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In Berkeley Talks episode 166, UC Berkeley alumnus John Schulman, the lead developer of ChatGPT, talks about how AI language models sometimes make things up — often convincingly — and offers solutions on how to fix this problem.
Language models, Schulman says, have pattern-completion behavior — they’re trained to maximize likelihood of a response. And part of the reason for generating untruthful content, which he calls “hallucinations,” is because the model doesn’t know that it’s allowed to say “I don’t know” or express uncertainty. If you tell a chatbot that it’s allowed to do that, he says, that partially fixes the problem.
“Sometimes it’s like the model is reluctant to challenge a premise … and sometimes it gets caught in a lie. Like, if it makes a mistake, it thinks it should continue, it should produce a coherent response. And that means continuing with the lie. So, I’d say there’s a class of issues that is covered there.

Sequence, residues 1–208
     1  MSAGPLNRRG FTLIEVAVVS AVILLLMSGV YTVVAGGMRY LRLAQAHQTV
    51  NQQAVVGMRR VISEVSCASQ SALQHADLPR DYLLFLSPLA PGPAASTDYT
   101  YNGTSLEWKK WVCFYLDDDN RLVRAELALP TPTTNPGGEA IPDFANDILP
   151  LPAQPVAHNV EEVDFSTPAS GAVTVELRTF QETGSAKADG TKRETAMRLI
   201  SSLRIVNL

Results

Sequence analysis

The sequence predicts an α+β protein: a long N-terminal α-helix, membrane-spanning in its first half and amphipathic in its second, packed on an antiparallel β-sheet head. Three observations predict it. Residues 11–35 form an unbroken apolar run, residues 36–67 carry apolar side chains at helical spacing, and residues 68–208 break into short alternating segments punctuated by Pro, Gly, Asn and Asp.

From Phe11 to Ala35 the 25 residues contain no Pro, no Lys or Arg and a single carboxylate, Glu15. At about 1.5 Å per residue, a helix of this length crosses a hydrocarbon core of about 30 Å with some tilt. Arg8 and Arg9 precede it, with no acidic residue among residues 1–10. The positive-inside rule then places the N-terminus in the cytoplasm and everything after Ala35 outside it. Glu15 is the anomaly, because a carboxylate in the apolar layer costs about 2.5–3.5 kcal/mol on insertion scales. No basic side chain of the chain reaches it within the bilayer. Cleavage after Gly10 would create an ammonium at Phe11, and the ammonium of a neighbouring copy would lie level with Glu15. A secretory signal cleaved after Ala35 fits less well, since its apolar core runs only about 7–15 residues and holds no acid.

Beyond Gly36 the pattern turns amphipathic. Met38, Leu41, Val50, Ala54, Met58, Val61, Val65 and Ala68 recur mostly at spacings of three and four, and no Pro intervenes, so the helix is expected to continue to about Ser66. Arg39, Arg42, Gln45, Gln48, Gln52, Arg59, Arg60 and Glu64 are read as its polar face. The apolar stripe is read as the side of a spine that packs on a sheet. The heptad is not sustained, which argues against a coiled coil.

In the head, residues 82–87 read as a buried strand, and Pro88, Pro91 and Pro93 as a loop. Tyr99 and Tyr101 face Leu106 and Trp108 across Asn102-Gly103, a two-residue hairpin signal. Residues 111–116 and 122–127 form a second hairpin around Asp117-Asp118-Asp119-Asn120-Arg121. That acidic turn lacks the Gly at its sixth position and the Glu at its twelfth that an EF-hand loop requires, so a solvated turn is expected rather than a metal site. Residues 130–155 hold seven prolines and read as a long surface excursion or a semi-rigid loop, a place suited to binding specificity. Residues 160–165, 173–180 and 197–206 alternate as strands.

“And then, another set of hallucinations, you could say, is that it’s just guessing wrong. There’s always going to be something that’s a little bit fuzzy, like you’re not sure of this fact, you maybe saw it once, but you don’t fully remember it. And you’re going to have to guess a little bit and sometimes you’re going to guess wrong.”
“So, is it even possible to fix this problem?” Schulman asks.
He thinks that it is — and he says that reinforcement learning is part of the solution.
Schulman’s talk, which took place on April 19, was part of a series of public lectures at Berkeley this spring by the world’s leading experts on artificial intelligence.
Read a Berkeley News Q&A with Schulman in which he discusses why he chose Berkeley for graduate school, the allure of towel-folding robots and what he sees for the future of artificial general intelligence.
Watch a video of his lecture below.